Whether consumers are buying a product or tuning in to a sporting event, they expect a fair deal for their money. When those they are purchasing a product or service from fail to uphold their end of the bargain, business litigation can result. This appears to have been the case over the much-anticipated “Fight of the Century” between professional boxing champions Floyd Mayweather and Manny Pacquiao, which took place in Las Vegas on May 2, 2015.
Many Las Vegas casinos offer world-renowned musicals, magic shows, concerts and other stage performances. The development and production of these shows often involve multiple business contracts addressing various legal issues, including employment terms, the assignment of intellectual property rights and royalty payment structures. When a problem arises in any one of these legal areas, litigation may result.
Large companies often find themselves facing various types of business litigation, and those headquartered in Las Vegas are no exception. Regardless of whether these claims have merit, a court case can sometimes be damaging to the company’s public image because of the evidence that can come to light during a trial. When workers decide to pursue employment litigation against their current or former employers, the companies may choose to settle these claims rather than have them aired in court.
Many companies’ corporate headquarters are located in Las Vegas, and these offices are responsible for the oversight of national and international branches of the business. When it is suspected that large companies such as these are conducting themselves in an illegal fashion, the management teams and their business practices may come under investigation. If it is discovered that these corporations were in fact engaging in business fraud, deceptive trade practices or other unlawful activity, severe penalties may result.
While Las Vegas’ reputation in popular culture paints it as a city devoted to its tourism industry, in reality it also hosts numerous large companies, many of which have established global presences. When international business disputes arise, they can stir up complicated issues for American companies, particularly if they are already dealing with regulatory or management issues in their home offices.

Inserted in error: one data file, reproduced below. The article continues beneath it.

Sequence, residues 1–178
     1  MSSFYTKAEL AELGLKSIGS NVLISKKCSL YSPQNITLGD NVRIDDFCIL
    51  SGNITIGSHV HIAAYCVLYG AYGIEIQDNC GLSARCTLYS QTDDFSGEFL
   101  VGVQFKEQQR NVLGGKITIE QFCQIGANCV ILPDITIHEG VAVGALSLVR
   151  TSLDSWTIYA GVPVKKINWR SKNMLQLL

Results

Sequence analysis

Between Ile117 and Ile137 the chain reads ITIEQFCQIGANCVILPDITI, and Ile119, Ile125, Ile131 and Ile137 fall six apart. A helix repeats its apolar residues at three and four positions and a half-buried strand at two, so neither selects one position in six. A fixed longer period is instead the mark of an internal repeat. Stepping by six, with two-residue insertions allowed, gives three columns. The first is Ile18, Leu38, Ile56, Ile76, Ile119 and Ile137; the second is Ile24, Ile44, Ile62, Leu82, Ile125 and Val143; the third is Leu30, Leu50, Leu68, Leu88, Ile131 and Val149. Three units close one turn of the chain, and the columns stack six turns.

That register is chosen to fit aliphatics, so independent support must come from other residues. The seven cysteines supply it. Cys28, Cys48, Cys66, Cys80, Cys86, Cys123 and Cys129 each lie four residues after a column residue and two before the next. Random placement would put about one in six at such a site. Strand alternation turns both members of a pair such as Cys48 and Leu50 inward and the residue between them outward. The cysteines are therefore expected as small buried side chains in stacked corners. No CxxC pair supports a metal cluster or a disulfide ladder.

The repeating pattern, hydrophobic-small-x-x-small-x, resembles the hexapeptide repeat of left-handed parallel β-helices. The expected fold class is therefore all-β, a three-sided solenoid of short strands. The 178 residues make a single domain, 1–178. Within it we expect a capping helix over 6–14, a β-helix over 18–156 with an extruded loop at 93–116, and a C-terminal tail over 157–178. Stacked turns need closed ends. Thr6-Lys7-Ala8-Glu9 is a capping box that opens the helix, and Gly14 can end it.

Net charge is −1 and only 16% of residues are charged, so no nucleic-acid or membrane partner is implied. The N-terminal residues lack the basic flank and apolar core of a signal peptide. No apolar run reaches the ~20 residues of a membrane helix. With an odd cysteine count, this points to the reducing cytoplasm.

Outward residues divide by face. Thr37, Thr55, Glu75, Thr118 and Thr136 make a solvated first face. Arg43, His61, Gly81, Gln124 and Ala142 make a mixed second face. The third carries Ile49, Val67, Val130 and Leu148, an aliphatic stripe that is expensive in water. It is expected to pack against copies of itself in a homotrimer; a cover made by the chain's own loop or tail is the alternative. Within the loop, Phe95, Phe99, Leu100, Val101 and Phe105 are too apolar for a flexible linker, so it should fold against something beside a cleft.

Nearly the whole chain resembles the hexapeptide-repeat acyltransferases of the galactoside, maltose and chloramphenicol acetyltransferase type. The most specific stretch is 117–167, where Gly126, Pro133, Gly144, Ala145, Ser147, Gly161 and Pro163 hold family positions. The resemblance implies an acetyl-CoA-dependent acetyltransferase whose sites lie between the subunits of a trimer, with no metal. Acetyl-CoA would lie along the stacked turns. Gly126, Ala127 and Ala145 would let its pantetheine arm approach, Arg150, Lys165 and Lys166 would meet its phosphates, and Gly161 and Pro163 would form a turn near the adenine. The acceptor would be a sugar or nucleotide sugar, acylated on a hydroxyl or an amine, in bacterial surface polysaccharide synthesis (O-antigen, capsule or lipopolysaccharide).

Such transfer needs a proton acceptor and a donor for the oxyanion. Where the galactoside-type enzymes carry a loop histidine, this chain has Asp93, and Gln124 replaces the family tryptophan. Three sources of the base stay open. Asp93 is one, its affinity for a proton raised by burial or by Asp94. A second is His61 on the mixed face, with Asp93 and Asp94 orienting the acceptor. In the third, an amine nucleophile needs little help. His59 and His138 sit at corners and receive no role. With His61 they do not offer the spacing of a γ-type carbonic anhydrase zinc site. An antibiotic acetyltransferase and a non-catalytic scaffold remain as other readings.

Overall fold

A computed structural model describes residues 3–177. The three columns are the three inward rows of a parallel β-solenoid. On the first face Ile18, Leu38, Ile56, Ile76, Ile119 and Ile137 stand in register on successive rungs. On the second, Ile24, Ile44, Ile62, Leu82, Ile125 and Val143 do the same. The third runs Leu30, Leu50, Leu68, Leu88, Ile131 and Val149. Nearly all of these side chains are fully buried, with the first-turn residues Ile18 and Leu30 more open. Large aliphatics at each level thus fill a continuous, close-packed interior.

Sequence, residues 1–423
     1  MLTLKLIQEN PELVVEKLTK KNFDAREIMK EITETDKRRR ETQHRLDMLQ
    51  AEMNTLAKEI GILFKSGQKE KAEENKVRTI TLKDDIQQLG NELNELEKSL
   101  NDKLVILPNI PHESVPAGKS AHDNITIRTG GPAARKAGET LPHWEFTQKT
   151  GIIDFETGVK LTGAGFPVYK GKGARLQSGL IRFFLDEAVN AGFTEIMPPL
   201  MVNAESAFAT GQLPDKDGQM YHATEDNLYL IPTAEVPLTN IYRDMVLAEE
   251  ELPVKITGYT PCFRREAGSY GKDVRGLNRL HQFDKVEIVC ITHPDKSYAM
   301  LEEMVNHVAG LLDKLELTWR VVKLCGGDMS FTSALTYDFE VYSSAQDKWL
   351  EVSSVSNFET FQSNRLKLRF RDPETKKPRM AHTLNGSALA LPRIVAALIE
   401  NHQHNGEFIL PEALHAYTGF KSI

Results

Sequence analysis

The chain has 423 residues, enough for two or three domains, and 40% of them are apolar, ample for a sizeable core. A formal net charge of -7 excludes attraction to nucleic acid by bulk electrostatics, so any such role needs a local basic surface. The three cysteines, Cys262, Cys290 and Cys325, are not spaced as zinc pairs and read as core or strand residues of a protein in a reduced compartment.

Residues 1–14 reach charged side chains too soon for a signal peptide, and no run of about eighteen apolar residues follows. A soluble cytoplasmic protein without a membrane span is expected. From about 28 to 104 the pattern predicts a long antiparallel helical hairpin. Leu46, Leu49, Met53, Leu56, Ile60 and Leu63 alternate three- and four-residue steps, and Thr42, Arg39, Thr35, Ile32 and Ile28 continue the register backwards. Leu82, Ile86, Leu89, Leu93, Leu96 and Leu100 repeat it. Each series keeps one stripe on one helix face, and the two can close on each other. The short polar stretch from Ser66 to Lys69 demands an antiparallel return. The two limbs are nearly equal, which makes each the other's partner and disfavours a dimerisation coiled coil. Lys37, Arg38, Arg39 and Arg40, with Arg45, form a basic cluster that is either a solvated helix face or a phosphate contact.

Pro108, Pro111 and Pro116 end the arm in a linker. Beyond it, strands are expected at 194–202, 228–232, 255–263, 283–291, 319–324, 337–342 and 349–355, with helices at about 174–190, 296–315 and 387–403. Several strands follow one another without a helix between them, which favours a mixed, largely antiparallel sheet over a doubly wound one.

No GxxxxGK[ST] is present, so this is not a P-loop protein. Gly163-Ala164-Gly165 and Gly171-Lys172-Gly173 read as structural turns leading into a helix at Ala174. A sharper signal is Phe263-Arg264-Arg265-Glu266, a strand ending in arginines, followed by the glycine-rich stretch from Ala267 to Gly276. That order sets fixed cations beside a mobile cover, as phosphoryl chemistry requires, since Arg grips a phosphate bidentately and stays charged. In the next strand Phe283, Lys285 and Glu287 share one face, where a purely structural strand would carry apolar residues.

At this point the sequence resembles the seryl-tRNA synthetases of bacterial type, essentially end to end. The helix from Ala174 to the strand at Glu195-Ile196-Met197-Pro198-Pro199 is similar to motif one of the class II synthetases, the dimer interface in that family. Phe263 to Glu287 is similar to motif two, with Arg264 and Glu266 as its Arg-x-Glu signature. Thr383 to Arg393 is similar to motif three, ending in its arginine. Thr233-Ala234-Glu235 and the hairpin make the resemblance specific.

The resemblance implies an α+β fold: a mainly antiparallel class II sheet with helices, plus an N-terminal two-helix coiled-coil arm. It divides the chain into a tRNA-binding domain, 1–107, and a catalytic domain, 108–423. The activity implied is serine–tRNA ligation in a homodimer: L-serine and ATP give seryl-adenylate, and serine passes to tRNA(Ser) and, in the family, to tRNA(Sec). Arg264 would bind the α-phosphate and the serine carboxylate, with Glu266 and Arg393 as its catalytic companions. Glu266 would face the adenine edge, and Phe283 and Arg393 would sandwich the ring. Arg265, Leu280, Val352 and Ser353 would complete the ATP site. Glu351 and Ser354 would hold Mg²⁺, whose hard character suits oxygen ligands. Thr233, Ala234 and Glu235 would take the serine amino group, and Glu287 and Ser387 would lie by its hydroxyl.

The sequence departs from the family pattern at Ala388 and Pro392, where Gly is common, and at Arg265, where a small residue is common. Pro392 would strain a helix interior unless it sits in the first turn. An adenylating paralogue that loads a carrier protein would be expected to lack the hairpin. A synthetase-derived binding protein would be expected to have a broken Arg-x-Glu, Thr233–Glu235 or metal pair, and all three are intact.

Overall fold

When a national company accidentally leaks public information, it can cause a great deal of concern for Las Vegas residents. This is why information security is a top priority for many corporations, and why so many of them are careful when it comes to selecting technological tools for sharing data internally. If these businesses do not take these decisions seriously, they may face commercial litigation for any resulting security breaches.
The need to hire and retain strong-performing employees is legitimate for Las Vegas area employers. The right workforce directly contributes to the success of a company. Similarly, problems with employees—either current or former—can negatively impact a company’s success. Such problems range dramatically and can relate to a contract dispute, unfair competition, fraud and more. Employer representation in employee complaints like these is important to protect the company’s ability to conduct its business.
Many employers request that some employees sign non-compete agreements. These contracts are intended to prevent an employee from going into direct, unfair competition with a company after leaving employment there. While the goal of these documents is to protect employers, many times such agreements are not upheld by courts. A recent news article provided guidance to companies to increase the rate of enforcement.
When businesses engage in contractual relationships, the potential for problems down the road always exist. Nevada companies both big and small can attest to challenges they experience when facing a business dispute. In some situations, the problem is easily identifiable. Other times, however, the crux of the problem is not as clear-cut. Whether the issue involves a domestic or foreign company, fraud, product liability, breach of contract or more, the need for help is real.
Nevada is home to a number of companies with presence in the national and global markets. Sometimes, these businesses become involved in complex legal issues with major companies, who are pursuing legal strategies that are part of a larger corporate goal. This type of commercial litigation can often be quite complicated, and may take several years to fully resolve.
The prospect of identity theft is scary, in part because it uses victims’ own personal information against them. As a result of the public’s increasing awareness of this risk, people in Las Vegas and around the country have become much more cautious about safeguarding their identifying data, but are willing to providing it to trustworthy companies such as established national chains. However, as was seen in Target’s recent security breach, sometimes a retailer can unwittingly release its customers’ information. Such incidents, and their resulting commercial litigation, can sometimes spur a review of standard security practices.